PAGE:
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Open Source Applications for Office

Open source applications are primarily catalogued in SourceForge, which is a web-based source code repository. It acts as a centralized location for software developers to control and manage free and open source software development. It hosts over 300,000 projects and has more than 2 million registered users and attracts at least thirty million visitors.
The principal supporter of open source computing in SourceForge is the Apache Software Foundation. It provides support for the Apache community of open-source software projects, which are defined by collaborative consensus and a pragmatic software license and a desire to create high quality software that leads the way in its field.
The Apache Foundation supports over 100 of major software projects. For instance the Apache open-source server supports all modern operating systems including UNIX, Microsoft Windows, Mac OS/X and Netware. It provides observing the current standards. Apache has been the most popular web server on the Internet with 65% market share.

Apache OpenOffice is free software, which means you can download it, install it for free on as many devices as you like, free to pass copies to as many users as you like. OpenOffice can be used for any purpose without any restrictions.

A free software license means never need worry whether the software is legal, or whether it will expire some day. There is no need for software audits, for keeping invoices for years, no worry about ending up in court because you misread some small print in a license agreement.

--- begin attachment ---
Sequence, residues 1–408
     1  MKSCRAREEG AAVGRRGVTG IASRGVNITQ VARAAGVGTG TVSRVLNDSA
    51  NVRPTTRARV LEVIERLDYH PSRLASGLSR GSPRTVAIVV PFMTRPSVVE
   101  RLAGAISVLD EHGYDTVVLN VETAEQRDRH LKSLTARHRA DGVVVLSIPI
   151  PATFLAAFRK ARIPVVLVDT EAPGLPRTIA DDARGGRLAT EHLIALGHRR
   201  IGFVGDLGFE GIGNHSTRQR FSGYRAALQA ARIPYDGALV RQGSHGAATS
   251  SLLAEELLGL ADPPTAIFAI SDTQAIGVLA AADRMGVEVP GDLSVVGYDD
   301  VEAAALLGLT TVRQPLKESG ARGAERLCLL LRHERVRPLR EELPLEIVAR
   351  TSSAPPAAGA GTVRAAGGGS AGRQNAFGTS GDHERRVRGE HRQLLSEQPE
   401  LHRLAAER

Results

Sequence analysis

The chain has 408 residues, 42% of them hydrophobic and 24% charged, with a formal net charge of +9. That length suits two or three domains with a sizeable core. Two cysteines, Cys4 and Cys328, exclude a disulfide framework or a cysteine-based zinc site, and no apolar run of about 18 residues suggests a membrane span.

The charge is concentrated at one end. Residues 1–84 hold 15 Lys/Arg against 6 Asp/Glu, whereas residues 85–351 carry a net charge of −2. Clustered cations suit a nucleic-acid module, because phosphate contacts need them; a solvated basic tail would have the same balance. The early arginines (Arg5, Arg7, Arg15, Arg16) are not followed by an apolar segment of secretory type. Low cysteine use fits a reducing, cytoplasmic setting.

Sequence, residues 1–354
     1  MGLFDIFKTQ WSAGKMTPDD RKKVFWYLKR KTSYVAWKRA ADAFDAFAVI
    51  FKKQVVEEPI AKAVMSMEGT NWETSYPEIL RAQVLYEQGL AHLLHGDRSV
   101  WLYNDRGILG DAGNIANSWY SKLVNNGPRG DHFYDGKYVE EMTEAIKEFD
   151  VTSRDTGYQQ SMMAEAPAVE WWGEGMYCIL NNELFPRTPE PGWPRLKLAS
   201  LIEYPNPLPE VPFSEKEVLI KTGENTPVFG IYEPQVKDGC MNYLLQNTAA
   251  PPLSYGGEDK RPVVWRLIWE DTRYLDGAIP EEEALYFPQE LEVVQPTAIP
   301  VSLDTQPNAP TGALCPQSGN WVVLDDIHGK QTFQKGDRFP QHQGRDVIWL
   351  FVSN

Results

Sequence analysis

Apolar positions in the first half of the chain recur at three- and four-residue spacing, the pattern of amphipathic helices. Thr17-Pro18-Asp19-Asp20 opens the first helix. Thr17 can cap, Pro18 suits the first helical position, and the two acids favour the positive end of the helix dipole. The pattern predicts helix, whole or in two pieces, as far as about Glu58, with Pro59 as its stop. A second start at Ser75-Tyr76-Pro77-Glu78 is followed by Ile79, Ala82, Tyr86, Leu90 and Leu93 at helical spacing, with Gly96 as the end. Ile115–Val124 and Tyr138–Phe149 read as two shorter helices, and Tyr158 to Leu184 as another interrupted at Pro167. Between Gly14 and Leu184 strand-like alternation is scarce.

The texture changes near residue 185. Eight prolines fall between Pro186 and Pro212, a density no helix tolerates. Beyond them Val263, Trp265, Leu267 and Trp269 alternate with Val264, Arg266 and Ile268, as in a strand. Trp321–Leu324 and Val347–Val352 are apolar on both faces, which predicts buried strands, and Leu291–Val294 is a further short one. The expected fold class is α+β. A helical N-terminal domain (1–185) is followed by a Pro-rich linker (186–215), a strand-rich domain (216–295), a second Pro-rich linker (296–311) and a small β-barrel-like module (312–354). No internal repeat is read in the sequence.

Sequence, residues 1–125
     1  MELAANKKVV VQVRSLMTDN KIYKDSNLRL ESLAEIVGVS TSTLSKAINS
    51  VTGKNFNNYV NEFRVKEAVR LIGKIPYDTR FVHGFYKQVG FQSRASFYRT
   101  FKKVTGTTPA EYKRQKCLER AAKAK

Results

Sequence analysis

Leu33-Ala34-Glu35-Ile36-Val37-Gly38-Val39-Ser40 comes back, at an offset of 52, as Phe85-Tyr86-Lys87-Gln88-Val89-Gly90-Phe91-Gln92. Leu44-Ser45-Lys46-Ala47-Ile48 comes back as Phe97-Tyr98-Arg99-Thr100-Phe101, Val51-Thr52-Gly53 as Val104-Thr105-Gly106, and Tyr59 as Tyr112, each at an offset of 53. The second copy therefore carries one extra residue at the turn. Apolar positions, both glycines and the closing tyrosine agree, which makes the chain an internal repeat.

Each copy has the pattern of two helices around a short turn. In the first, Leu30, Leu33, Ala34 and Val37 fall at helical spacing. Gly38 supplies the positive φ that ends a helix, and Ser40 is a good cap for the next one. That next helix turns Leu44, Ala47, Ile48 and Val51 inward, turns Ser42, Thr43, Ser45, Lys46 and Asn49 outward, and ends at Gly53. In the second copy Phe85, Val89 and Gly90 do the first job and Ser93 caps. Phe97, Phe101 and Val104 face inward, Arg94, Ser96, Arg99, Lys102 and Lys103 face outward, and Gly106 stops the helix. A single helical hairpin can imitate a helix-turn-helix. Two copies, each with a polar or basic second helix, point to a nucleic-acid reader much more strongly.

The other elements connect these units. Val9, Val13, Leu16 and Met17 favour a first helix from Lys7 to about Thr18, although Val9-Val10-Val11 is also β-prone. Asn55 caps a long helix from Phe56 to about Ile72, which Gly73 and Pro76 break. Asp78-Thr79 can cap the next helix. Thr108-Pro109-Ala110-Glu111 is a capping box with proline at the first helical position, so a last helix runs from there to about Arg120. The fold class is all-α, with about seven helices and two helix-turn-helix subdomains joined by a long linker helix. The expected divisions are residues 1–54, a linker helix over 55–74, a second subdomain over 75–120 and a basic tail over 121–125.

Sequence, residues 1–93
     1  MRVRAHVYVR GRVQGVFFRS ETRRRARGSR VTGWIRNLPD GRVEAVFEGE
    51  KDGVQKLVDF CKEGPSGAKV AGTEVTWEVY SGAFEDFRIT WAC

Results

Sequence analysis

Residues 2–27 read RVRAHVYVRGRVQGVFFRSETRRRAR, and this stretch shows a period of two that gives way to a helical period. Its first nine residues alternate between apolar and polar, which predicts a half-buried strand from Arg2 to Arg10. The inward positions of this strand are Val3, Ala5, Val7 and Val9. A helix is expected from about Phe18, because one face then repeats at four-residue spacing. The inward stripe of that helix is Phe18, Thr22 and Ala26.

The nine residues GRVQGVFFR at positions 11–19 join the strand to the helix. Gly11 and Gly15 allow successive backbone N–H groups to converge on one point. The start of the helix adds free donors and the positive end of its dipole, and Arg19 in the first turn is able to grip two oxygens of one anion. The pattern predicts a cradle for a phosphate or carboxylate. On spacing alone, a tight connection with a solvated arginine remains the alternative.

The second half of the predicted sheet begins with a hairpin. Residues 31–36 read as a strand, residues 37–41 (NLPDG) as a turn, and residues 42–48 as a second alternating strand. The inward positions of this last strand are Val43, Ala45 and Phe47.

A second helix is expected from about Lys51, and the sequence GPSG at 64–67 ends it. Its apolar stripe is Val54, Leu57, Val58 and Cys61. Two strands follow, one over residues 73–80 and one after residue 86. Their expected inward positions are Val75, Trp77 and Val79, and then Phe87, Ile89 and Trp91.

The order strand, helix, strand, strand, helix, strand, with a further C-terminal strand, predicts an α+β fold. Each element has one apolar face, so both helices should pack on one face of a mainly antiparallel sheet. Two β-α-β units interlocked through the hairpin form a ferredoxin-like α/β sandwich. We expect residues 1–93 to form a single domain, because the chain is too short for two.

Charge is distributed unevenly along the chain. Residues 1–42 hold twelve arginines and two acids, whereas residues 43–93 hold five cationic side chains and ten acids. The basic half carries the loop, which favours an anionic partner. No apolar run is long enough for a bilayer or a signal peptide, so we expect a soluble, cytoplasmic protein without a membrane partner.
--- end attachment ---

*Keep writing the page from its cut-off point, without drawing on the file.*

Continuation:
Apache OpenOffice will read and write files, which can be used in other common office software. It supports the ISO standards for office file formats. If you want to use other software, it will interface with Microsoft Windows, Apple Mac to Linux.

 Designed from the start as a single and fully integrated piece of software, Apache OpenOffice is based on the open-source development model means there are no hidden codes, but requires the “javascript” language to achieve compatibility.

It is easier (and cheaper) to move to OpenOffice from Microsoft Office than it is to upgrade to Microsoft's latest Office 2007 or Office 2010. As Microsoft updates its operating system to Windows 8 and to a new browser (Internet Explorer 10) the ability to maintain the integrity of OpenOffice applications becomes increasingly costly.

Apache OpenOffice contains all the office software in one single package. The installation includes features, which some expensive rivals do not - for example, the ability to create .pdf files when you want to guarantee what the recipient sees on their computer. There is also a growing range of extensions: additional features that any developer can provide. Releases of software take place several times a year so you can take advantage of new features as quickly as possible. OpenOffice includes the “writer – Word replacement”, “calculator – excel replacement”, “impressions, for presentations”, “draw – for graphics” as well as the “base – data application”. In effect, it provides a complete replacement for the now dominant and most profitable Microsoft Office application.

 Anyone can look at the programs and suggest improvements, or fix bugs. Anyone can report problems or request enhancements, and anyone can see the response from other users or developers. The status of current and future releases is displayed whenever one wishes to upgrade to take advantage of new features.

DISA currently operates, which provides capabilities where developers can collaborate on open source and DoD community source applications. provides tools to improve the communication between teams and individuals working to solve similar problems and/or discuss similar issues. These capabilities are available only for Government authorized use.

The extent to which has managed to provide off-the shelf software solutions to make existing “silos” less isolated and more interoperable is not known. Apache OpenOffice is not included on

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